12:34 pm March 31, 2022
Sea Power take to The Roundhouse stage as part of a UK tour to present their acclaimed new album.
The six-piece indie band – who recently dropped “British” from their moniker to distance themselves from nationalist implications – released Everything Was Forever in February and are keen to share it.
Although it was completed during a pandemic, it is an upbeat record according to lead singer Jan. (aka Scott Wilkinson).
“It was five years in total – the longest gap since we started,” he said. “There’s a bit of a sad element to the album but the vibe is quite upbeat. I’ve always enjoyed that bittersweet element.”
Dreaming about nostalgia and memory, the title is inspired by a fairly dense book on the end of the Soviet Union: Everything Was Forever Until It Was No More.
“We were fighting for a title and had almost everything else, and we were drawn at the end of one of my brother’s songs,” says Yan. “You can find out where something came from and it ruins it, but that seemed to sum up the slightly regrettable vibe of the album. There’s something odd about looking back, wondering what happened to things you took for granted, things that have disappeared or changed.”
The album benefited from extra time “to think things through and make sure we put them together properly”.
“There’s normally people chasing you to finish but it was the other way around, ‘take another year, no rush’, so we put more time into the mixing stage working on how the songs fit together and we’re really happy,” he says.
“I don’t know if it’s just being older, but I feel quite different from [previous albums]. Once I’m done I don’t want to listen to it for years unless you have to hold the words back, but it was turned on in the car. I enjoyed it and was really happy with the way we all work together.”
With some outdoor space and bandmates used to working apart from across the country, he feels lucky the lockdown has given him “some quiet time”.
“I was off the treadmill – I had never really stopped since we started. I didn’t produce much but found I was doing the groundwork in my mind. was like a very old-fashioned Sunday when everything was closed. It wasn’t for everyone, but I was really comfortable in it.”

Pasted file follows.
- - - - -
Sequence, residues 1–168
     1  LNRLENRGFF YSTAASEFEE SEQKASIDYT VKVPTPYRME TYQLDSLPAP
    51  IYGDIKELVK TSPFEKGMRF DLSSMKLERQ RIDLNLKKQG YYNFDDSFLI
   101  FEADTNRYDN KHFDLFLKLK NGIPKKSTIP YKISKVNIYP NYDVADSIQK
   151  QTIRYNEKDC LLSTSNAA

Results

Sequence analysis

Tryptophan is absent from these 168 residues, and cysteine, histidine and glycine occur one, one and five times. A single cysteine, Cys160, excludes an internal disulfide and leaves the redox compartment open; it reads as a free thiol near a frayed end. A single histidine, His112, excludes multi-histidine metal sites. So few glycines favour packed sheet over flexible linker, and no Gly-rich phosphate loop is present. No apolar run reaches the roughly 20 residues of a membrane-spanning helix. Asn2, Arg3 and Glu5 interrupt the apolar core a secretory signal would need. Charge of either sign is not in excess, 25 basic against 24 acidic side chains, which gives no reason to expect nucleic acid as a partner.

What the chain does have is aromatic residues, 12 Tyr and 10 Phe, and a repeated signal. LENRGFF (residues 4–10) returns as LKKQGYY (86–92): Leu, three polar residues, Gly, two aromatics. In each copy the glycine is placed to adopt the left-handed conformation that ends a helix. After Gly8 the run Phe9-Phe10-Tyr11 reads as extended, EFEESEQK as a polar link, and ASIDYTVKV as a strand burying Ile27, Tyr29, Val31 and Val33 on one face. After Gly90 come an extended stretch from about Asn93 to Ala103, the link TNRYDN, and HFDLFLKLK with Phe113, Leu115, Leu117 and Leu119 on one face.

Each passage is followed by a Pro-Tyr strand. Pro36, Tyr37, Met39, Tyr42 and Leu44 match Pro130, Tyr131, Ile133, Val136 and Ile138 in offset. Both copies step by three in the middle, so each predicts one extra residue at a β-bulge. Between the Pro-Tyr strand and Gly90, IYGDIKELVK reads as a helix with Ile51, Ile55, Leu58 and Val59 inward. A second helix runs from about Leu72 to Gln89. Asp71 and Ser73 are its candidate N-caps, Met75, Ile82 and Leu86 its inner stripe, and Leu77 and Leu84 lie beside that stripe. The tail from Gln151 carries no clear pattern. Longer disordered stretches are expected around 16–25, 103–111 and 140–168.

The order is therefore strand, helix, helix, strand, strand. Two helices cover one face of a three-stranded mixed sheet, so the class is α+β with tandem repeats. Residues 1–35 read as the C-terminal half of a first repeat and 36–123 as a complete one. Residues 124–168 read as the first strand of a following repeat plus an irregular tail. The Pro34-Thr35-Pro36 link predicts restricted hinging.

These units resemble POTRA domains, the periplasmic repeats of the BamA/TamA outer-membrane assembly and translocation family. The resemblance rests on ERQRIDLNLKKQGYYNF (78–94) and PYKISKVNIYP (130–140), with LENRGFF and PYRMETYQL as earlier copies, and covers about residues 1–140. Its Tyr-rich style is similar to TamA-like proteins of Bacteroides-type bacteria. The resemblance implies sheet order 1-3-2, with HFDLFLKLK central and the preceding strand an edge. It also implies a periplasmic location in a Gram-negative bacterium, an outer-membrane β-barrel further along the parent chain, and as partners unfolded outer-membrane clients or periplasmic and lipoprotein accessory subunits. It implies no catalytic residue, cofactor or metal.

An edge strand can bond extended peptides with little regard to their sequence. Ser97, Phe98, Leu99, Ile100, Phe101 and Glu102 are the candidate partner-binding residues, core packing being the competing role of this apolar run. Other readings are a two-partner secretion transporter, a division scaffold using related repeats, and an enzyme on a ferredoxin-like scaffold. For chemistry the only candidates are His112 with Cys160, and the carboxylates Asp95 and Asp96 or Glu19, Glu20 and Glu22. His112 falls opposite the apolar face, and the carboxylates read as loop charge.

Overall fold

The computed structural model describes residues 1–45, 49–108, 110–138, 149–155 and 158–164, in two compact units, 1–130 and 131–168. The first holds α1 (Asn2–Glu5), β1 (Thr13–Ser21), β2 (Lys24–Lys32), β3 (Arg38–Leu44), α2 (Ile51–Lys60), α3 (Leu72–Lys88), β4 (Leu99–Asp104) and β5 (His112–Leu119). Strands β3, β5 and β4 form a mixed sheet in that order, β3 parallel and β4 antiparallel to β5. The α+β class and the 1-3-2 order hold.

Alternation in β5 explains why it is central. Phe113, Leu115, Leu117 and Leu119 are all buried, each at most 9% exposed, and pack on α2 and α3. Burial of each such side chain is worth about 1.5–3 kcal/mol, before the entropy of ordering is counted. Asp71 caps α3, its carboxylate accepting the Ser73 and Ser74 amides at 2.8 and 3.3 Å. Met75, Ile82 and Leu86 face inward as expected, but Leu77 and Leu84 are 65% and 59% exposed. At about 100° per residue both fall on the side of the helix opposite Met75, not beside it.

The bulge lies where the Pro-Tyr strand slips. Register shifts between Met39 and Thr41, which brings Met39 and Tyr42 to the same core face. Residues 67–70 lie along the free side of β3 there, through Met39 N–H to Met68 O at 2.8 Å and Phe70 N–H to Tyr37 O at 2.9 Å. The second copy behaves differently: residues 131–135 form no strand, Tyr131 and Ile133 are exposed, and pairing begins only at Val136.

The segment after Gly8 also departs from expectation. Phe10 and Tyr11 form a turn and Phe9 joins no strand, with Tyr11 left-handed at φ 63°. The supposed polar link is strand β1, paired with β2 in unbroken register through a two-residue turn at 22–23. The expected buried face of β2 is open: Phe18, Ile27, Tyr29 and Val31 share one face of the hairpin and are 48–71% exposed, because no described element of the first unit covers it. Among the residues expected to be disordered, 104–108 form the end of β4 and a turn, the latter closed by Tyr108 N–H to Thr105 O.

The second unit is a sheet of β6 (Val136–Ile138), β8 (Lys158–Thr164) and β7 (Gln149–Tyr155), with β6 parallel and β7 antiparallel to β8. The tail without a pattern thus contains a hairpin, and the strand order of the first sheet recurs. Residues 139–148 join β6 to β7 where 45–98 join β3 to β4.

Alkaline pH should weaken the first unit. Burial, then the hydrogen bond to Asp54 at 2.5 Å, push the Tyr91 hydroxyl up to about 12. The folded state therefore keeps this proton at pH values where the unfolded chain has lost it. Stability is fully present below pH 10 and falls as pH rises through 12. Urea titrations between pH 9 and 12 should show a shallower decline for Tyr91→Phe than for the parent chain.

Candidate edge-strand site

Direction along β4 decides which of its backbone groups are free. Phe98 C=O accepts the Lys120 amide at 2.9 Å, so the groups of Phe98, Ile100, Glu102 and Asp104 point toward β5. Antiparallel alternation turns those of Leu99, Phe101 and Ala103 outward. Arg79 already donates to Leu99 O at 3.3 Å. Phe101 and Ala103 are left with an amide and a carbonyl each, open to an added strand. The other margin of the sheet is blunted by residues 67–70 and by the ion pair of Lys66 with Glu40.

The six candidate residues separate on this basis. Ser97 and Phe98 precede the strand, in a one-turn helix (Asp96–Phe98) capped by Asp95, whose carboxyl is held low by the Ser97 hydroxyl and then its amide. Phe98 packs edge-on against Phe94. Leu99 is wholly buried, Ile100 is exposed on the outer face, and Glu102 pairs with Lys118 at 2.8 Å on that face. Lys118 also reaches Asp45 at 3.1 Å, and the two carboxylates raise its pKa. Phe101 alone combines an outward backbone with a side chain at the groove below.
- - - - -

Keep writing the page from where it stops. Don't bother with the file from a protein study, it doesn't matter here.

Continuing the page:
When the tour started again, he was initially nervous but says “old habits have taken over”.
“Every once in a while you feel a little weird. You see a brave person up front with a mask on and think ‘that’s a hot box of germs’.”
Renowned for gigs that balance attention to detail with chaotic mismanagement, Sea Power promises “something for everyone” at the Roundhouse, living up to the album’s closing title We Only Want to Make You Happy. .
“We always give everything we have,” says Jan.
“[The Roundhouse] is amazing, when it works it’s fantastic, but it’s a big open space and you have to do it sonically right to make your set work. We’ll be playing a number of songs from the new album, but we don’t want to do a four-hour extravaganza with the Rolling Stones. Space is quite tight on the setlist and we want everyone to be happy with the songs they expect and have some surprises in store for them. It should be as good as it gets.”
Yan still enjoys performing live and says the pandemic has taught us not to take it for granted.
“A good concert is something to do with a very intimate feeling, then at the end a great feeling of unity and a lot of singing. The last two times we have been blown away at the end by the energy that comes back. C It really felt like the whole room had its arms up in the air, relieved to be lost in the moment again, to have finally forgotten the outside world.”
Sea Power plays The Roundhouse on April 14. Visit www.roundhouse.org.uk/whats-on/2022/sea-power/